This is the church I was looking for near Boligee, Alabama. Source: Stephen McBride for Find-A-Grave

My husband pulls over to the side of the road. It’s a deeply rutted mud road. No signage anywhere, no primitive white church building on the property.

“I don’t think this is it,” I said.

“Let’s go on a bit further,” he said.

We crossed Highway 39 and continued another 10 minutes.

“What exactly is the address, again?” my husband asked.

“There isn’t one; only the location is given — Mt. Hebron Cemetery. According to Waze, this is where it is, but Find-a-Grave says it’s near the intersection of Highway 39 and State Road 128.”

“Aha,” he said. “Waze doesn’t have the right GPS coordinates for Mt. Hebron. So, let’s find 128.”

Alas, I could not. The dreaded “No Service” in my cell phone status bar.

“Wait. I have a map of Alabama from the last rest stop. Let’s check it.”

Unfortunately, State Road 128 wasn’t even listed. And unfortunately, we didn’t have a lot of time to explore the back roads of Greene County: The kids were starting to complain about wanting lunch. And, neither of us knew enough about Greene County to feel confident exploring without a map or a technology assist.

“Tell you what,” my husband said. “Let’s track it down when we get to the house. We can try to stop by on the way back out.”

We did find Mt Hebron Cemetery — and S.R. 128 — on a map when we got home. It is in the middle of nowhere — there may be a dirt road off of S.R. 128. I hope. Source: Google Maps

We have a better idea how to find it now. And, I’ll pay Emmett’s grandparents a visit when we do.


Meanwhile — I promised to post information about Emmett’s secretaries in the last post. I’ll do that this week. Good news: I found one of the clerk/secretaries who worked for Emmett’s brother, Cephas L. Wilson, in Marianna! Progress!

Secretarial Musings

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I often wonder what kind of employee or boss Emmett was?

Was he considerate and competent? Quiet and hardworking?

A lunch-stealing backstabbing jerk, perhaps?

An excellent source of information on Emmett-as-colleague would be the office records — a desk calendar, case files, or even an office journal. I don’t doubt that Emmett kept records such as these himself. Unfortunately, Emmett’s office records do not exist anymore.

But what if one of his secretaries kept those records?

And what if they exist?

Tracking down office secretaries were with not much to go on was a real challenge — but guess what? I’ve identified five secretaries who either worked with Emmett directly, or as part of Emmett’s law practice!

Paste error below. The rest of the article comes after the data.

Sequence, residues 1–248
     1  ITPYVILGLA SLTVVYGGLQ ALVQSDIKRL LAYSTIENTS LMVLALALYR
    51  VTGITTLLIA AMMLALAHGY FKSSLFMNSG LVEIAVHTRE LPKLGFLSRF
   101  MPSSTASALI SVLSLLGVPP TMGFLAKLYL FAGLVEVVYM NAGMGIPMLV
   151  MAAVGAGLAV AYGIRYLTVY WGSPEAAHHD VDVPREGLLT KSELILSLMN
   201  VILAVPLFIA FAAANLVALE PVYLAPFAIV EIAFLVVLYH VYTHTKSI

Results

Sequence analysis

Here’s the list of secretaries who worked with Emmett while he was a lawyer, district attorney, state’s attorney, and U.S. Congressman:

Bertha A (Bert) Murphy — 1905-08 — Maxwell & Wilson, Clerk for Asst. U.S. Attorney

Minnie Kehoe — 1906-1908 — Kehoe & Smithwick

Nellie Mills — 1914-1915 — Stenographer at the San Carlos Hotel (Emmett lived there on and off between 1914-1915 when Congress was out of session, et cetera)

Jefferson Davis Stephens — 1913-1917 — U.S. Congress

Hilda Dahlstrom Beall — 1910-1914 — Kehoe & Wilson; U.S. Congress (temporary)

Alas, this is not yet a complete list: I haven’t yet identified the secretary for Judge Daniel J. Jones (Emmett was Jones’ clerk in 1902), the secretary for Cephas’ office (Emmett was a junior partner at Wilson & Wilson between 1904 and 1905), or the secretary for Van Sant and Wilson (1905-1906).

It is possible that Emmett might have been the secretary for Jones’ or Cephas’ law offices while he was just starting out, but I don’t think so.

Nicholas Van Sant. Source: Ancestry.com

I know Emmett did clerical work for Judge Jones, but it wasn’t consistent, and Emmett didn’t know shorthand.  He had little experience as a law clerk, and Judge Jones has a busy and thriving practice in Washington County, Florida. In fact, it was after a six-month stint at Jones’ office that Emmett was sent to Pensacola to take stenography courses at Meux’s Business College.

And while Cephas loved and supported his brother, he was not fool enough to trust his established law firm records to a younger sibling with an inconsistent work and academic record, who was just starting out.

I’ll introduce the secretaries over the next several posts.

Meanwhile, I’ll continue to dig around for information on who may have been the secretaries for Judge Jones and Cephas Wilson between 1900 and 1905. I have a few leads on the Van Sant & Wilson secretary that I want to explore. (Spoiler Alert: One of the secretaries DID keep a journal! And yeah — I have a copy of it!)

A Galaxy of Stars